The Exciting Universe Of Music Theory

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Scale 1729

Scale 1729, Ian Ring Music Theory

Bracelet Diagram

The bracelet shows tones that are in this scale, starting from the top (12 o'clock), going clockwise in ascending semitones. The "i" icon marks imperfect tones that do not have a tone a fifth above. Dotted lines indicate axes of symmetry.

Tonnetz Diagram

Tonnetz diagrams are popular in Neo-Riemannian theory. Notes are arranged in a lattice where perfect 5th intervals are from left to right, major third are northeast, and major 6th intervals are northwest. Other directions are inverse of their opposite. This diagram helps to visualize common triads (they're triangles) and circle-of-fifth relationships (horizontal lines).


Cardinality5 (pentatonic)
Pitch Class Set{0,6,7,9,10}
Forte Number5-10
Rotational Symmetrynone
Reflection Axesnone
enantiomorph: 109
Hemitonia2 (dihemitonic)
Cohemitonia0 (ancohemitonic)
prime: 91
Deep Scaleno
Interval Vector223111
Interval Spectrumpmn3s2d2t
Distribution Spectra<1> = {1,2,6}
<2> = {3,7,8}
<3> = {4,5,9}
<4> = {6,10,11}
Spectra Variation4
Maximally Evenno
Maximal Area Setno
Interior Area1.366
Myhill Propertyno
Ridge Tonesnone

Common Triads

These are the common triads (major, minor, augmented and diminished) that you can create from members of this scale.

* Pitches are shown with C as the root

Triad TypeTriad*Pitch ClassesDegreeEccentricityCloseness Centrality
Diminished Triadsf♯°{6,9,0}000

Since there is only one common triad in this scale, there are no opportunities for parsimonious voice leading between triads.


Modes are the rotational transformation of this scale. Scale 1729 can be rotated to make 4 other scales. The 1st mode is itself.

2nd mode:
Scale 91
Scale 91, Ian Ring Music TheoryThis is the prime mode
3rd mode:
Scale 2093
Scale 2093, Ian Ring Music Theory
4th mode:
Scale 1547
Scale 1547, Ian Ring Music Theory
5th mode:
Scale 2821
Scale 2821, Ian Ring Music Theory


The prime form of this scale is Scale 91

Scale 91Scale 91, Ian Ring Music Theory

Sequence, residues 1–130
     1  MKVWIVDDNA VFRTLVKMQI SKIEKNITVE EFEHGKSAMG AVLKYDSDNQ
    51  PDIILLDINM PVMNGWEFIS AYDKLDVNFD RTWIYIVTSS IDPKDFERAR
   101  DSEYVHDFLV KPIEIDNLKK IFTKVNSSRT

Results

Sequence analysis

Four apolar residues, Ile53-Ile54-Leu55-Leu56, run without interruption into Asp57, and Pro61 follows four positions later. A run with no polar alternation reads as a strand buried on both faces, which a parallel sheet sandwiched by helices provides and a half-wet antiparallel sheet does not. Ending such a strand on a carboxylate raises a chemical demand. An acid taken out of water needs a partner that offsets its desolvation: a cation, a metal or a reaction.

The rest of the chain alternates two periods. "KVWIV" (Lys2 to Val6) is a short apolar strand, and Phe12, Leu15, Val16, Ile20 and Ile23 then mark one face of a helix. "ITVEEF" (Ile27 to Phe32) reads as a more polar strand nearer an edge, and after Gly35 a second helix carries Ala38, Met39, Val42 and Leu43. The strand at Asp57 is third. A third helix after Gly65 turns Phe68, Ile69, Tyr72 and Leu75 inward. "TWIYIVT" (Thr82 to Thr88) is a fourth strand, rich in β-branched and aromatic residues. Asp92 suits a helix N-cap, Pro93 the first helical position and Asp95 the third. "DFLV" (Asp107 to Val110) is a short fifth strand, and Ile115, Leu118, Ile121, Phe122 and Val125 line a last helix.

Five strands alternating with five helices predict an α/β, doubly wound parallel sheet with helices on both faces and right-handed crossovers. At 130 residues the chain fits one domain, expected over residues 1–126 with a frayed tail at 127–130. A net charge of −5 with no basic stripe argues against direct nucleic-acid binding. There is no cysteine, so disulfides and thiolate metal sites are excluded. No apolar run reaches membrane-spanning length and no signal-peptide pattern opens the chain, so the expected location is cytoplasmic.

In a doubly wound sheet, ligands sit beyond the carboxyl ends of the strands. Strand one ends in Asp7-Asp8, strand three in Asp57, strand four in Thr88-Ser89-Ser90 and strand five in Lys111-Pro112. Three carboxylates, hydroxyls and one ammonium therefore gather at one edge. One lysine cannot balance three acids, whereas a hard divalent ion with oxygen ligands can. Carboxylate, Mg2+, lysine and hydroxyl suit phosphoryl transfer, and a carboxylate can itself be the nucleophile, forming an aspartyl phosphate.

The pentatonic modal family [1729, 91, 2093, 1547, 2821] (Forte: 5-10) is the complement of the heptatonic modal family [607, 761, 1993, 2351, 3223, 3659, 3877] (Forte: 7-10)


The inverse of a scale is a reflection using the root as its axis. The inverse of 1729 is 109

Scale 109Scale 109, Ian Ring Music Theory


Only scales that are chiral will have an enantiomorph. Scale 1729 is chiral, and its enantiomorph is scale 109

Scale 109Scale 109, Ian Ring Music Theory


T0 1729  T0I 109
T1 3458  T1I 218
T2 2821  T2I 436
T3 1547  T3I 872
T4 3094  T4I 1744
T5 2093  T5I 3488
T6 91  T6I 2881
T7 182  T7I 1667
T8 364  T8I 3334
T9 728  T9I 2573
T10 1456  T10I 1051
T11 2912  T11I 2102

Nearby Scales:

These are other scales that are similar to this one, created by adding a tone, removing a tone, or moving one note up or down a semitone.

Scale 1731Scale 1731, Ian Ring Music Theory
Scale 1733Scale 1733: Raga Sarasvati, Ian Ring Music TheoryRaga Sarasvati
Scale 1737Scale 1737: Raga Madhukauns, Ian Ring Music TheoryRaga Madhukauns
Scale 1745Scale 1745: Raga Vutari, Ian Ring Music TheoryRaga Vutari
Scale 1761Scale 1761, Ian Ring Music Theory
Scale 1665Scale 1665, Ian Ring Music Theory
Scale 1697Scale 1697: Raga Kuntvarali, Ian Ring Music TheoryRaga Kuntvarali
Scale 1601Scale 1601, Ian Ring Music Theory
Scale 1857Scale 1857, Ian Ring Music Theory
Scale 1985Scale 1985, Ian Ring Music Theory
Scale 1217Scale 1217, Ian Ring Music Theory
Scale 1473Scale 1473, Ian Ring Music Theory
Scale 705Scale 705, Ian Ring Music Theory
Scale 2753Scale 2753, Ian Ring Music Theory
Scale 3777Scale 3777, Ian Ring Music Theory

This scale analysis was created by Ian Ring, Canadian Composer of works for Piano, and total music theory nerd. The software used to generate this analysis is an open source project at GitHub. Scale notation generated by VexFlow, graph visualization by Graphviz, and MIDI playback by MIDI.js. Some scale names used on this and other pages are ©2005 William Zeitler ( used with permission.

Pitch spelling algorithm employed here is adapted from a method by Uzay Bora, Baris Tekin Tezel, and Alper Vahaplar. (An algorithm for spelling the pitches of any musical scale) Contact authors Patent owner: Dokuz Eylül University, Used with Permission. Contact TTO

Tons of background resources contributed to the production of this summary; for a list of these peruse this Bibliography. Special thanks to Richard Repp for helping with technical accuracy.